Water Availability

Water deficits often limit productivity in orchards. The effects of water stress on carbohydrate partitioning are primarily on growth of the top of a tree, while the dry matter partitioned to roots is generally more stable. This could be due to the roots experiencing less water stress than the shoots, which must draw water through the plant. It would also help establish a better functional balance of water-absorbing roots to transpiring shoots when the limiting resource is obtained by roots. This behavior has been utilized to develop an irrigation strategy suited for stone fruit in arid climates, in which irrigation is withheld in midseason if shoots are too actively growing. This inhibits shoot growth for easier management but will not affect fruit growth very much if it is done at the time of the midseason slow growth phase of stone fruit mentioned previously. This is a good example of the utilization of plant physiology studies for practical crop management.

Nutrient Availability

Variations in mineral nutrient availability are relatively common in spite of excellent work that has defined the requirements and fertilization for temperate fruit trees. In general, it appears that if nutrients are limiting, the growth of the top of the tree is reduced more than the growth of the roots (similar to the response to water deficits). In some studies, roots actually grow more with low nutrient availability, presumably to obtain more of the limiting nutrients. Conversely, with high nutrient availability, top growth is stimulated while root growth may be reduced. When nitrogen is too high, flower bud initiation is inhibited and a tree can become too vegetative.

Pruning and Canopy Management

Pruning is always a dwarfing process. The earlier the pruning, the greater the effect in the current season. There are many practices that growers use to regulate growth and sustained cropping of temperate fruit crops by directly or indirectly affecting carbon partitioning. The most direct is the removal of young fruitlets (called "thinning") to reduce competition so that the remaining fruit can grow larger and have better quality. The reduction in crop load of course also allows more carbohydrate partitioning to other organs and processes such as flower bud development.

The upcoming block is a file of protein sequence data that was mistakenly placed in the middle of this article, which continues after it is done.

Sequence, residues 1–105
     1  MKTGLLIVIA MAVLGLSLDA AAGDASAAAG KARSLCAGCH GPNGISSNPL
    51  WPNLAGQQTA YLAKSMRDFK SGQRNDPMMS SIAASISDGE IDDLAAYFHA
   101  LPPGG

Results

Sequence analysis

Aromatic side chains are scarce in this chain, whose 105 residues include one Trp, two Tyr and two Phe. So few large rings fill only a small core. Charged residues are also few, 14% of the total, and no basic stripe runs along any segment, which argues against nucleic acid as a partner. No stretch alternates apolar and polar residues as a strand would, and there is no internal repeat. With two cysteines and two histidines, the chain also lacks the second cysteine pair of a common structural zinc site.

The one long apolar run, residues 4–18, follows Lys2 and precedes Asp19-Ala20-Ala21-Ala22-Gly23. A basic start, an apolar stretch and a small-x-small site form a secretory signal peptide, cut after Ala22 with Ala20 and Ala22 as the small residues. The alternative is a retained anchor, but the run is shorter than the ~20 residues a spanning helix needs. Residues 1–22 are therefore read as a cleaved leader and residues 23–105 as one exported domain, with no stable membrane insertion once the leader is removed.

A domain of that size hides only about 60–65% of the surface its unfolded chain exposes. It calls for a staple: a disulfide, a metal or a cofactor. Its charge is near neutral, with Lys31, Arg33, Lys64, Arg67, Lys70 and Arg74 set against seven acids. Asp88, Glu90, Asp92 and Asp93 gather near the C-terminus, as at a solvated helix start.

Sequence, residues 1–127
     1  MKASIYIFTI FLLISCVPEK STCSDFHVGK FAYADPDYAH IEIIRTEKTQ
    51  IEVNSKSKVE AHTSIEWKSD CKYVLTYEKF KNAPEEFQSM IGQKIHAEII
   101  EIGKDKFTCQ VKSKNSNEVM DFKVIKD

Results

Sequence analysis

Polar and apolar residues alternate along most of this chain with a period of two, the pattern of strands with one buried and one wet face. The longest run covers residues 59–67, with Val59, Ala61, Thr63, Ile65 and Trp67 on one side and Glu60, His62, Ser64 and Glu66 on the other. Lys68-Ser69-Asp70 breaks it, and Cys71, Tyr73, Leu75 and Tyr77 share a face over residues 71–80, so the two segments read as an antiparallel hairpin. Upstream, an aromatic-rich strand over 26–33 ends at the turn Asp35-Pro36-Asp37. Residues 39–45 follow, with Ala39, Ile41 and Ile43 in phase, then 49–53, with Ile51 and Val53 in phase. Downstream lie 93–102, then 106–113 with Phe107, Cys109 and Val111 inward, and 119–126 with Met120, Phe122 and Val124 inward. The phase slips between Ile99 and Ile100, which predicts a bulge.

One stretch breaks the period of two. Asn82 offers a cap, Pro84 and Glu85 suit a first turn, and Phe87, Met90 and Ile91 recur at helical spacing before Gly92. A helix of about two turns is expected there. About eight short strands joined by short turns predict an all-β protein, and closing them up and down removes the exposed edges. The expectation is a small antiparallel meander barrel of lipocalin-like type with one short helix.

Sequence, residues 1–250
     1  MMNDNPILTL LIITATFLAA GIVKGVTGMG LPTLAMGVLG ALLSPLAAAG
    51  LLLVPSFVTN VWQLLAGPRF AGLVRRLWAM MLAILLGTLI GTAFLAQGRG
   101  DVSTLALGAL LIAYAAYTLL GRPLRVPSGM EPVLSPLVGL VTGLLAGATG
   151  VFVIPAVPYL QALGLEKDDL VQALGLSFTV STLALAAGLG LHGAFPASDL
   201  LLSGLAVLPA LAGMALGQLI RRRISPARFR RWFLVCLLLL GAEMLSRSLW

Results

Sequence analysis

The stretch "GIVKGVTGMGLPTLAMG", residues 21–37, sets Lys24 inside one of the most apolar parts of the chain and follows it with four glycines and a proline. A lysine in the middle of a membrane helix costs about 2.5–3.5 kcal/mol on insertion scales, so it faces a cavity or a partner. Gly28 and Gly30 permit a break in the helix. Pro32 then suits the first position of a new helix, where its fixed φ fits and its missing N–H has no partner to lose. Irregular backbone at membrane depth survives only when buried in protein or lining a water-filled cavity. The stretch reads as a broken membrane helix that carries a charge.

Pruning and training techniques (bending or positioning of branches, etc.) also are used to structure trees and to maintain good sunlight distribution in tree canopies. Pruning reduces the number of growing points and therefore tends to increase vigor of remaining shoots. This tends to reduce the number of fruiting sites and lower crop loads, which will affect partitioning and make trees more vegetative.

The partitioning of carbohydrates produced by photosynthesis is a critical process in the growth and cropping of temperate fruit trees. It is a complex whole-plant process that is a function of the unique combination of competing organs of the tree and is greatly influenced by many internal and environmental factors. Many cultural practices are essentially designed to regulate carbohydrate partitioning for optimizing yields of quality fruit in a given season and in the following years.

Related Topics: FLOWER BUD FORMATION, POLLINATION, AND FRUIT SET; FRUIT GROWTH PATTERNS; LIGHT INTERCEPTION AND PHOTOSYNTHESIS; PLANT GROWTH REGULATION; PLANT NUTRITION; WATER RELATIONS

SELECTED BIBLIOGRAPHY

American Society of Horticultural Sciences Colloquium (1999). Carbohydrate economy of horticultural crops, Colloquium proceedings. HortScience 34:10131047.

Flore, J. A. and D. R. Layne (1996). "Prunus." In Zamski, E. and A. A. Schaffer (Eds.), Photoassimilate distribution in plants and crops (pp. 825-849). New York: Marcel Dekker. Lakso, A. N., J. N. Wunsche, J. W. Palmer, and L. Corelli-Grappadelli (1999). Measurement and modeling of carbon balance of the apple tree. HortScience 34: 1040-1047.

Palmer, J. W. (1992). Effects of varying crop load on photosynthesis, dry matter production and partitioning of Crispin/M.27 apple trees. Tree Physiol. 11:19-33.

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